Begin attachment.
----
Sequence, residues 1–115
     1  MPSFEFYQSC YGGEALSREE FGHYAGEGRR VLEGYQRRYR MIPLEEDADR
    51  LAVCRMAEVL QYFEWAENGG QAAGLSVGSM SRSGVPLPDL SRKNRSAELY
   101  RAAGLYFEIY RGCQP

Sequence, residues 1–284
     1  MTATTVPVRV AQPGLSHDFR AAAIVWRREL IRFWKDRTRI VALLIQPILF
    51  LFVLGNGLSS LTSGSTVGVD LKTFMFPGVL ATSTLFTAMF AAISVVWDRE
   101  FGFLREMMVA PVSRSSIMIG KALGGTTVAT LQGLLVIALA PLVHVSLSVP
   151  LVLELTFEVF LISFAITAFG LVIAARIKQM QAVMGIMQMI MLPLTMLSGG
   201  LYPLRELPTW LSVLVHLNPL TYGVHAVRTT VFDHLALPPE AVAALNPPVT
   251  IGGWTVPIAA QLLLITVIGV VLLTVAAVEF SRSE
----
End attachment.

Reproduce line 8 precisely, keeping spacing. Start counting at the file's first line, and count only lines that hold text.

   101  FGFLREMMVA PVSRSSIMIG KALGGTTVAT LQGLLVIALA PLVHVSLSVP